Blessings and Peace to all of you, and may God be with the people of Haiti.

Okay, don’t worry. I would never ask you that question. In fact, I would probably be uncomfortable if you asked me that question.

Today, I started my J-term class, Mission of the Triune God II. I have already taken Mission I, but the first day of Mission II was still very introductory. It made me think, though, about people’s initial impression of “mission,” “evangelism,” or “evangelization” ? Are you confident that the church is the instrument of God? Or maybe that God is at work in the world and our job is to seek out and join in what God is up to? Or has someone confronted you in a public place and questioned your faith? Or knocked on your door with a pamphlet?

Mission is a passion of mine, but it so often gets a bad rap. I’m anxious to hear people’s thoughts.

I’m working on a more theological post, but today’s post needs to be about the best part of my day–by far. My wife and I don’t have a lot of money. We are not “poor,” per se, but (as of yesterday) were living mostly off of student loans. Not so great for two people. We were beginning to worry some about our finances, but today, my wife got a job! Not only that, but the tuition support from my home church was processed. We are not rich or anything, but it feels so good to not stress over our finances. We still have a financial plan and have to be somewhat frugal, but we’re so blessed to have employment and support from friends, family, and other communities.

Discovering that my home church had sent in a check and we didn’t have to worry anymore nearly brought a tear to mine and my wife’s eyes. It made us realize how truly blessed we are. I apologize if some of this post felt like whining, because I really wanted it to be about rejoicing and realizing our blessings. I know that, as we grow older (and hopefully more financially secure), Kirsten and I will be generous with our gifts, sharing them with others, just as many have shared with us. We give thanks every day, but sometimes have special reason to rejoice. Today is truly one of those days.

First, I’d like to apologize (mostly to myself) for not posting the past two days. One day it was because I was having so much fun. The other day, it was because I was too busy/tired. I’m not writing this blog with a hard deadline, though, but to get back into writing. So I’m not too worried about it.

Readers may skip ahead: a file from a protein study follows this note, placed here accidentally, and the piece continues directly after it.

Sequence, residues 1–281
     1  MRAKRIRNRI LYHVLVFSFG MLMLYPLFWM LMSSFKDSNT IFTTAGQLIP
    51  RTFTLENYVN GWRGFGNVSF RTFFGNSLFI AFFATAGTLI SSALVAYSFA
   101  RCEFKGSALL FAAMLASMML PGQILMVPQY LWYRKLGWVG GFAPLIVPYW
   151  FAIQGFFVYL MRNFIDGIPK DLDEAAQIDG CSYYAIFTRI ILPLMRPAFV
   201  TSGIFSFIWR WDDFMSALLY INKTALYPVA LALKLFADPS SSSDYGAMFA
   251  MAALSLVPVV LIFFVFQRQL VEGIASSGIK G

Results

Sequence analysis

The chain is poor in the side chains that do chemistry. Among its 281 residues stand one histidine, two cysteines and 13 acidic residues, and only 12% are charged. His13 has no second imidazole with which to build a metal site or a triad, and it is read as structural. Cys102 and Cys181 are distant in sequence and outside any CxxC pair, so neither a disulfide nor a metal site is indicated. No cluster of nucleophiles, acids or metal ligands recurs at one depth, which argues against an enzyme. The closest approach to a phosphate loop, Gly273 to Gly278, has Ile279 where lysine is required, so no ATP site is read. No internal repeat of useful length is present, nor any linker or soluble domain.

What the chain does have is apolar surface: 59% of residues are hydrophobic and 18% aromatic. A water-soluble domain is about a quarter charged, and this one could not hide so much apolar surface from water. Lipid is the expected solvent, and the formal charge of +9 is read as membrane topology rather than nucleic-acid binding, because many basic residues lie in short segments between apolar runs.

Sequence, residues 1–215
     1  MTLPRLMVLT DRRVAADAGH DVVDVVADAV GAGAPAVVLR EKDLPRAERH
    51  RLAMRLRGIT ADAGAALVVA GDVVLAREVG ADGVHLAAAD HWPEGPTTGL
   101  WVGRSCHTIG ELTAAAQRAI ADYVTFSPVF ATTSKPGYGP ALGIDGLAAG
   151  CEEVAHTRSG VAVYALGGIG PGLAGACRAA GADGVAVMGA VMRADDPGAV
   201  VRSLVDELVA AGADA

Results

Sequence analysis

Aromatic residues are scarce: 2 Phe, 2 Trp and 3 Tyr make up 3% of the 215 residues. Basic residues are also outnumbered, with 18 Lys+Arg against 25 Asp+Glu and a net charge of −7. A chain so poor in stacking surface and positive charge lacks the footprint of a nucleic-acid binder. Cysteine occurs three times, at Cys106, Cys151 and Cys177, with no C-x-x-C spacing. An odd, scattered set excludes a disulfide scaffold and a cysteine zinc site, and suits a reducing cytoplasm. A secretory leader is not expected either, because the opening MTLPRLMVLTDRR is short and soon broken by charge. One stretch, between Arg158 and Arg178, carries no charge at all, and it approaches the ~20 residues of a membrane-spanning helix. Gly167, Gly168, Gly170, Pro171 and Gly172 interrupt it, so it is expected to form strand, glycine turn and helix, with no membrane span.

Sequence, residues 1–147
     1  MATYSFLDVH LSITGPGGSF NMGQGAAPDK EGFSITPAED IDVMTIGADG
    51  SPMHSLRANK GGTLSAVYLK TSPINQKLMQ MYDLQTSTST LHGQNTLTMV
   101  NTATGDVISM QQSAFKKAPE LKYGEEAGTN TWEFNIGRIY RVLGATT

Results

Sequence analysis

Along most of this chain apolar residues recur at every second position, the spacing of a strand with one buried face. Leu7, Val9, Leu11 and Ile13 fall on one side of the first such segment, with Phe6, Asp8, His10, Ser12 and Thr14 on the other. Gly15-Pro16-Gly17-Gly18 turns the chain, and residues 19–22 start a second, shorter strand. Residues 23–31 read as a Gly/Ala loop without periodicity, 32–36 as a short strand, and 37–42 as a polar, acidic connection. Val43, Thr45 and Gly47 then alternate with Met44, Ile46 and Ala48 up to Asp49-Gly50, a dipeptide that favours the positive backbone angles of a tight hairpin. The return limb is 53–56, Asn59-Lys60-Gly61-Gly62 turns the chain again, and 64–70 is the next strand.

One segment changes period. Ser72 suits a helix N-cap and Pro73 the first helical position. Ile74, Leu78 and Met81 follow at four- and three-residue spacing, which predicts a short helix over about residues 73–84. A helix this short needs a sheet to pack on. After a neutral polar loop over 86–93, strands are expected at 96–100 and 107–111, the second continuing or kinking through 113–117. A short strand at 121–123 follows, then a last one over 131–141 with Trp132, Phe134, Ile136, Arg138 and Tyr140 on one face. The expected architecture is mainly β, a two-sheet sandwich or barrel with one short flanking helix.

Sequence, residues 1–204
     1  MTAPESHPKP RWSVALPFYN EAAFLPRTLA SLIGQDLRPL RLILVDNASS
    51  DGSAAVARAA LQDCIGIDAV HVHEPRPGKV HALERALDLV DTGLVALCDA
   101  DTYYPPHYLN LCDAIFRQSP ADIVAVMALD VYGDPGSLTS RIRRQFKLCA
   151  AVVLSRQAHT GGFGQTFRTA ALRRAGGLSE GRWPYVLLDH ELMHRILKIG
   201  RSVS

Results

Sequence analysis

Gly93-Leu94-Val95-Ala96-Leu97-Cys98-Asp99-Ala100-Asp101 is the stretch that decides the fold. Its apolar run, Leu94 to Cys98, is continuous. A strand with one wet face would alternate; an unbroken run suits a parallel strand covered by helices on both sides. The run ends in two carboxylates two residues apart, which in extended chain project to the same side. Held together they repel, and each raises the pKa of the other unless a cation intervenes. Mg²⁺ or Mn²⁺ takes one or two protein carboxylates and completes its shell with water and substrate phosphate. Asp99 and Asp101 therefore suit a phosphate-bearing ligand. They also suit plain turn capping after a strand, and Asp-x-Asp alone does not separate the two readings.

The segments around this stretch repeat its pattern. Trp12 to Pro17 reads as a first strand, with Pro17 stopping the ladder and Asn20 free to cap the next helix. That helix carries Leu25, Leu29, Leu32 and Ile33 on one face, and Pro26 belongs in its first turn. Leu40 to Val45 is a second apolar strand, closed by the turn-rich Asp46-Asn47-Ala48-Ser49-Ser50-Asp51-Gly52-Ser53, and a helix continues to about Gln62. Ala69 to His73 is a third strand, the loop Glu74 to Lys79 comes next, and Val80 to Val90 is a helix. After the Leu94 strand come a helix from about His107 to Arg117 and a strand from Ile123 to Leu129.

Anyway…I’ve just finished watching The Simpsons and The Simpsons: 20th Anniversary Special. This week’s episode (the 450th!) was not all that great, although it had a pleasant and heartfelt ending. The special, though, was great. Moreover, it reminded me of how much I love The Simpsons. The Simpsons has rarely been the best show on television at any time, but has been in the top five for nearly all of its 20 year reign (at least in my opinion) and has earned its spot as my all-time favorite show. The Simpsons is funny, smart, edgy (at least it used to be), creative, heartwarming, humble, and honest. The animation allows the show to get away with sex and murder (quite literally). The Simpsons opened doors for shows like Family Guy and South Park, and much like those two shows, The Simpsons has a knack for social criticism–anyone and everyone is a target. I grew up watching The Simpsons, and learned both my sense of humor and social mores from it. My father and I spent many night watching 60 minutes on CBS and then The Simpsons on Fox. Oh, that reminds me. The Simpsons, if I’m not mistaken, was also a pioneer show in mocking itself and its own network. It truly didn’t take itself too seriously.

Besides the infinite lines I quote and the limitless trivia I know from The Simpsons, what is love most about the show is the family. It paints a picture of a family that is mostly dysfunctional, seldom on the same page, and made up of a bunch of “unique” people. However, the Simpson family lovesĀ  . While most of the family members bring out unfortunately true characteristics of many Americans (or people, for that matter), in their love for one another, the Simpson family represents the family ideal–a bunch of people, all with their own sometimes-hilarious, sometimes-infuriating shortcomings and nuances that live together and love each other.